Sylvester Comprehensive Cancer Center

UM/Sylvester Hires Top Immunology Researcher from Duke

09.11.2006

Eli Gilboa, Ph.D., a national leader in translating promising immune therapies from the laboratory into patient care – particularly against cancer and HIV/AIDS – has joined the faculty of the University of Miami Leonard M. Miller School of Medicine. As a professor with dual appointments in the Department of Microbiology and Immunology and in the Division of Hematology Oncology at the University of Miami Sylvester Comprehensive Cancer Center, Gilboa will develop an Interdisciplinary Immunotherapy Institute that will serve patients across the UM Miller School.

“Our basic scientists are leaders in discovery research, unlocking the mysteries of disease in a lab or within the cell,” said Pascal J. Goldschmidt, M.D., senior vice president for medical affairs and dean of the UM Miller School. “But if the next step of this research never takes place the discovery is just a historic exercise. Dr. Gilboa will accelerate this mission to translate laboratory promise into clinical treatments and cures.”

Since 1993 Dr. Gilboa has held dual appointments in the Departments of Surgery and Immunology at Duke University. He previously worked at the Memorial Sloan-Kettering Cancer Center in New York and at Princeton University. He is a pioneer in gene therapy, having developed the first generation of retroviral vectors used in the first human trials. This therapy uses viruses as vehicles to deliver treatment to diseased cells. He has continued to lead novel research into gene therapy in oncology and HIV/AIDS and he has been an innovator in RNA-based therapeutics, using the activity of proteins within the cell to target disease. He was also among the first researchers to show the potential of modified tumor cells as cancer vaccines. Dr. Gilboa is currently best known for using RNA-modified dendritic cells, a form of cell therapy, to stimulate the immune system in cancer patients.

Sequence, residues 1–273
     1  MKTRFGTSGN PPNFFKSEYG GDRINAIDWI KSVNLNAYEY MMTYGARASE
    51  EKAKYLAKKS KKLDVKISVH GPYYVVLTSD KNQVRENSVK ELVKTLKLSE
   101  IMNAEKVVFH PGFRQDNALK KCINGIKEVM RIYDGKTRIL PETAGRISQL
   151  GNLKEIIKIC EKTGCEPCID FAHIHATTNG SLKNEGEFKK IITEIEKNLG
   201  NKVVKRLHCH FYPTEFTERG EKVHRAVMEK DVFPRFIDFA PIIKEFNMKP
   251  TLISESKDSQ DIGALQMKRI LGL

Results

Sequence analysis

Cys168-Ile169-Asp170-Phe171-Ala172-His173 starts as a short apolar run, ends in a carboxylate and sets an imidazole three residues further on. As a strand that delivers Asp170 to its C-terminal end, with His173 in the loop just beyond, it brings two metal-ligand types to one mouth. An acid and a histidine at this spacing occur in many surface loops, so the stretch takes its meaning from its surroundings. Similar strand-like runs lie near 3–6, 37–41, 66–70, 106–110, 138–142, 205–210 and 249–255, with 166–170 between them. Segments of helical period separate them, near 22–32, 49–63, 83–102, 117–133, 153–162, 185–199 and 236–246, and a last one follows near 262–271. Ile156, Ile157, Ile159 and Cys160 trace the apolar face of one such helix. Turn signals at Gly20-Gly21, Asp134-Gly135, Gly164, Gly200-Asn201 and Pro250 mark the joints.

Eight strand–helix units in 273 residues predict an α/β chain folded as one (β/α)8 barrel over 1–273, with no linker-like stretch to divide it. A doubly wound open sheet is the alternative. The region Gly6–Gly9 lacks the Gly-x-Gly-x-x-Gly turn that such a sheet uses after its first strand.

Gilboa studied in Israel and at the Massachusetts Institute of Technology, holds six patents and has served on five advisory boards. He helped established a state-of-the-art clinical trial program in urological cancers at Duke and is highly committed to advancing therapies that show promise in animal models into human testing.

At the UM Miller School, Dr. Gilboa will continue to work on multiple programs. “The reason I’m excited about this move is that the success of initiatives like this is dependent on strategic support from the cancer center and the medical center,” said Gilboa. “Without that you go nowhere. I will have that support.”

“Dr. Gilboa has made important contributions to immunology research, but what is truly unique about him is his passion for putting his own discoveries together with those of others to develop new therapeutic approaches to cancer and other serious diseases,” said W. Jarrard Goodwin, M.D., F.A.C.S., director of the UM/Sylvester Comprehensive Cancer Center. “The focus of his own work is immunotherapy, but his interests go beyond traditional immunotherapy and his real goal is helping people.” Gilboa will lead UM/Sylvester’s Multidisciplinary Tumor Immunology Research Program but will also work closely with leaders at the Diabetes Research Institute and UM’s HIV/AIDS program.